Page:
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The Resource for the Global Finance Profession

Case Study: Vanguard’s SWIFT Implementation

  • By Stephanie McClintock, CTP, and Robert Freiling, CTP
  • Published: 2014-07-25

Vanguard’s Money Movement Unit, which initiates billions in payments on a daily basis, was too dependent on manual processes and legacy systems that couldn’t handle the workload. Migrating to a treasury workstation and utilizing SWIFT enabled the company to streamline its payments process and reduce risk.

Vanguard is the largest mutual fund company and third-largest asset manager in the world, with $2.7 trillion in assets under management, globally as of March 31, 2014. The company’s Money Movement Unit, a part of its Fund Financial Services (FFS) group, is responsible for executing daily payment instructions supporting fund custody operations and transfer agent funding.

In the years leading up to its SWIFT experience, the FFS Money Movement Unit initiated approximately $25 billion in payments daily across 800 counterparty bank accounts. The payment process, which had evolved and intensified over the years as Vanguard’s assets climbed, had become cumbersome and inherently risky. The core process was people-dependent, manual in nature, and reliant on proprietary systems that were no longer scalable. There was little opportunity for straight-through processing with Vanguard’s banking partners. Payments were also delivered through supplemental methods that included bank software and fax. The manual workflow, which had been operationally appropriate during the firm’s earlier years, was now highly inefficient. Additionally, as payment activity and the dollar size of payments increased, the need for intraday payment oversight of the counterparty banks had become significant.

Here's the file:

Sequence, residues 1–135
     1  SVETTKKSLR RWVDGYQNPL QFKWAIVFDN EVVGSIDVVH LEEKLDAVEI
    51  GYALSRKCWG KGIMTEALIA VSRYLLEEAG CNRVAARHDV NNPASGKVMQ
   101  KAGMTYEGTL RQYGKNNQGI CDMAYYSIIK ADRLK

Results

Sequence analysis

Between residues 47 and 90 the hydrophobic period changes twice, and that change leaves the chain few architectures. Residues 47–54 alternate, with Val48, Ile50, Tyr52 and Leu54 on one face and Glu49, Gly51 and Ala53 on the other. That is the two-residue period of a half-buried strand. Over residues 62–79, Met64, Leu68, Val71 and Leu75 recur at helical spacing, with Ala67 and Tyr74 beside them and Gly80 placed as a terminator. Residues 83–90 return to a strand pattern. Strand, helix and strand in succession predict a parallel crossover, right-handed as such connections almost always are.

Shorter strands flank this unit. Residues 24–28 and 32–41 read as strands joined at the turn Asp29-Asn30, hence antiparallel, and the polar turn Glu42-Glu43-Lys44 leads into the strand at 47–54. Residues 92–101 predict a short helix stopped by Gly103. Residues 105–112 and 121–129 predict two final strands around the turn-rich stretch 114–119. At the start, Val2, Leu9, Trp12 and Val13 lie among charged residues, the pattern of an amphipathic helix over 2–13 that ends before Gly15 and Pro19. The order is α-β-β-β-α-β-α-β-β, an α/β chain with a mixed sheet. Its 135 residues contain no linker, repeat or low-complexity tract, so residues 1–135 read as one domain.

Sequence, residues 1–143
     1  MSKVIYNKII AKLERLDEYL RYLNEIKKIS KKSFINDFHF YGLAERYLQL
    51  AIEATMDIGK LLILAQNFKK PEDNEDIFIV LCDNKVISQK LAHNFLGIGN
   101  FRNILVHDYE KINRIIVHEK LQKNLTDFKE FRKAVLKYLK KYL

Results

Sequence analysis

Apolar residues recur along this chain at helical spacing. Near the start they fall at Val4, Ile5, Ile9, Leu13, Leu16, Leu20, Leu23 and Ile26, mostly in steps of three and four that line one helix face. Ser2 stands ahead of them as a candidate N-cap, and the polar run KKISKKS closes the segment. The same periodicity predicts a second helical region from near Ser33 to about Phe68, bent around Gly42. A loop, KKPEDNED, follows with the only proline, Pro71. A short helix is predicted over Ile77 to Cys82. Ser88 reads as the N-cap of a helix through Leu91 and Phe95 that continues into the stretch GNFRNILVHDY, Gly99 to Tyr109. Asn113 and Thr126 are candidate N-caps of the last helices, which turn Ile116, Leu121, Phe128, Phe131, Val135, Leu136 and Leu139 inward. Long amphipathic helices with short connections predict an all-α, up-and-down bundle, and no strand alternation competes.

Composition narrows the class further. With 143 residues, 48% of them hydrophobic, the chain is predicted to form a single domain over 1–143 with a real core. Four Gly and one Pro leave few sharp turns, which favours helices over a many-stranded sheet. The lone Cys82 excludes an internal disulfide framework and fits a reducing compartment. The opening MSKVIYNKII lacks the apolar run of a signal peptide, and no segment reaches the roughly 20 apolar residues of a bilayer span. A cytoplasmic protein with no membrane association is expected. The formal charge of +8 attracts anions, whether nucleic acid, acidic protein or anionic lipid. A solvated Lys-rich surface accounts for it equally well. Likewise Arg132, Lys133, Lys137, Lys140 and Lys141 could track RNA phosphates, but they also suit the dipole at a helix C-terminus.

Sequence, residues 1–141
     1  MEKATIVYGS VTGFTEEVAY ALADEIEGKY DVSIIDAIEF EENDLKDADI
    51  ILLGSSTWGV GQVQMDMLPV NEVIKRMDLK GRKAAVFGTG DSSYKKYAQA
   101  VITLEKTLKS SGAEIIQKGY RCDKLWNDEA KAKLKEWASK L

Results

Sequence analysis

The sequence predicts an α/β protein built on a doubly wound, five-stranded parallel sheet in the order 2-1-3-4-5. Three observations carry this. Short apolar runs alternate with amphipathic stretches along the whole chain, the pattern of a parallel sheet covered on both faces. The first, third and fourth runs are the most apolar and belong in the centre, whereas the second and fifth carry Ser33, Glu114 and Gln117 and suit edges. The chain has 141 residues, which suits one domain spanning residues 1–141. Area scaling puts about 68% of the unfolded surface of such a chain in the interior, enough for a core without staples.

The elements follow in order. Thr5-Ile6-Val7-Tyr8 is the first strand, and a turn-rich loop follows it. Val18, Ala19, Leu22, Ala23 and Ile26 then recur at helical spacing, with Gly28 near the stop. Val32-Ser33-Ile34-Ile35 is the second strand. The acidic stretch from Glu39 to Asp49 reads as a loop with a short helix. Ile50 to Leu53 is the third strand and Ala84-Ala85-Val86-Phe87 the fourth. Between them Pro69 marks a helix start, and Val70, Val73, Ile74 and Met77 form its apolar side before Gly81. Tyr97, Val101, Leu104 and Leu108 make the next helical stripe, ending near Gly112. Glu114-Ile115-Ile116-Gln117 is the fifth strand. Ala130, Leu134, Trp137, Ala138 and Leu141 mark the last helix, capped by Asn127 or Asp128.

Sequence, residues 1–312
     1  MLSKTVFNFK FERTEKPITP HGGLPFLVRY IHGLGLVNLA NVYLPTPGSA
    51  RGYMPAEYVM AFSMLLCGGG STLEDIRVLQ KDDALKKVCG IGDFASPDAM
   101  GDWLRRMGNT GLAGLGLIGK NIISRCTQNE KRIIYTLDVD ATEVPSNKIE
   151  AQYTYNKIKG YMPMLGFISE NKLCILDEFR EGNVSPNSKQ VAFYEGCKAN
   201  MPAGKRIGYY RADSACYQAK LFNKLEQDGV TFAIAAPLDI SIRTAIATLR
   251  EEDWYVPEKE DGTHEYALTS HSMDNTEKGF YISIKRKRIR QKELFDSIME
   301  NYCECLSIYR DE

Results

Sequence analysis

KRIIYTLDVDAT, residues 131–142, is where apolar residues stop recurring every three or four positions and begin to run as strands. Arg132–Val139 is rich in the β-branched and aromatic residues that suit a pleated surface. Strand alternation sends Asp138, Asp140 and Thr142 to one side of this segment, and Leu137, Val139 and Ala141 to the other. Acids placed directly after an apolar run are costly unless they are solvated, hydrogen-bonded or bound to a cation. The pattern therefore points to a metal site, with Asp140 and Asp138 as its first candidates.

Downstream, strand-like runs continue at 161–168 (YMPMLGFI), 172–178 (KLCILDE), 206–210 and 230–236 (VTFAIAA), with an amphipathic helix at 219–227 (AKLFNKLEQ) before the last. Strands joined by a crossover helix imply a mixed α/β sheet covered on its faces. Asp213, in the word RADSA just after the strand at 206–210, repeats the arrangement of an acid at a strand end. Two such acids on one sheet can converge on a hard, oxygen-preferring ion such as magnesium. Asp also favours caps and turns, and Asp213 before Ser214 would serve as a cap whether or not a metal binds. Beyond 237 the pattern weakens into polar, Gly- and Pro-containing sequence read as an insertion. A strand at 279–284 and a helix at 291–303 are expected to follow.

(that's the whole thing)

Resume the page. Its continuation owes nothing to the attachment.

Improving money movement

To mitigate this comprehensive list of risks and to improve efficiencies, the Money Movement Unit needed:

  • A dependable and scalable payment instruction methodology
  • The ability to send aggregate, netted payments to reduce payment size
  • Straight-through processing with counterparty banks
  • Improved security through the elimination of payments communicated via fax and bank software
  • Visibility and intraday oversight of bank payment execution
  • Reconciliation effectiveness
  • The ability to support future global expansion.

A team was formed to discover and implement solutions. Through in-depth risk analysis, it became obvious that the Money Movement Unit needed to leverage the SWIFT standardized messaging infrastructure for payments and other transactions, including reconciliations. The capability for international messaging was also important.

As its first step toward the goal, the team established a treasury workstation, with a payment factory emphasis providing SWIFT instruction enablement. The system made it possible for incoming payment sources to be translated into payment transactions, with the ability to deliver bank counterparty instructions through MT202 SWIFT messages.  It also provided for the receipt of overnight SWIFT statements (MT940/950s), allowing for an automated reconciliation process.